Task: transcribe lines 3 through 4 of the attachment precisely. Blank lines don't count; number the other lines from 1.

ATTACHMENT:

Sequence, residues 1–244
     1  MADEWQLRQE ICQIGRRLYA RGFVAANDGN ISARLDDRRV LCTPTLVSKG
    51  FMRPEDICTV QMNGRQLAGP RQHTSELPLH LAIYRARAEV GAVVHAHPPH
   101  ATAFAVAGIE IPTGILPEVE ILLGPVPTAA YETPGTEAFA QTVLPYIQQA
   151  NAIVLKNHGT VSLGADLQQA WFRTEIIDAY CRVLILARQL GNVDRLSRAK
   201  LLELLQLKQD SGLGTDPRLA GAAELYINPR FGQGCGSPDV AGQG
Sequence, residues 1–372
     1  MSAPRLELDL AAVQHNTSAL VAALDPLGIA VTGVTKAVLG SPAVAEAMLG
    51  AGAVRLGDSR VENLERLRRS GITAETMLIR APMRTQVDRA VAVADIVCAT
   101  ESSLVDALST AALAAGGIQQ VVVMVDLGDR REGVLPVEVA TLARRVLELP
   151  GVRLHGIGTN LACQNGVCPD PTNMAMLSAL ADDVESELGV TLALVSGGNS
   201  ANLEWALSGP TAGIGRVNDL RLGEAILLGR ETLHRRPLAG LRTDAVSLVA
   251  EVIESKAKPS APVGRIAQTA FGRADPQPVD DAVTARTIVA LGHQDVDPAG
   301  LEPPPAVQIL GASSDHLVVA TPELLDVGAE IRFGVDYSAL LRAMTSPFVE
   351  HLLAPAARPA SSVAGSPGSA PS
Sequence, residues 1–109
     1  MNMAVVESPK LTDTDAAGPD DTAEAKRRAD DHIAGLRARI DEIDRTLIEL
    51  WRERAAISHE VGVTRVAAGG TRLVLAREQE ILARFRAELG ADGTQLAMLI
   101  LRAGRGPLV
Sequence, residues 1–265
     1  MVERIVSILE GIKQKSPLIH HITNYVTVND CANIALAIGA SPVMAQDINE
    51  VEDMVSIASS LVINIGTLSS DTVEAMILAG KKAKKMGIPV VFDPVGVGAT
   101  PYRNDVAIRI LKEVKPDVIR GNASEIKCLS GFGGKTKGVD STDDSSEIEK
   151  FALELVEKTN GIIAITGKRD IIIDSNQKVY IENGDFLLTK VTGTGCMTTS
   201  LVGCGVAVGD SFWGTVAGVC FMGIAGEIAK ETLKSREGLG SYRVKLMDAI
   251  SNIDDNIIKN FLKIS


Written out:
    51  FMRPEDICTV QMNGRQLAGP RQHTSELPLH LAIYRARAEV GAVVHAHPPH
   101  ATAFAVAGIE IPTGILPEVE ILLGPVPTAA YETPGTEAFA QTVLPYIQQA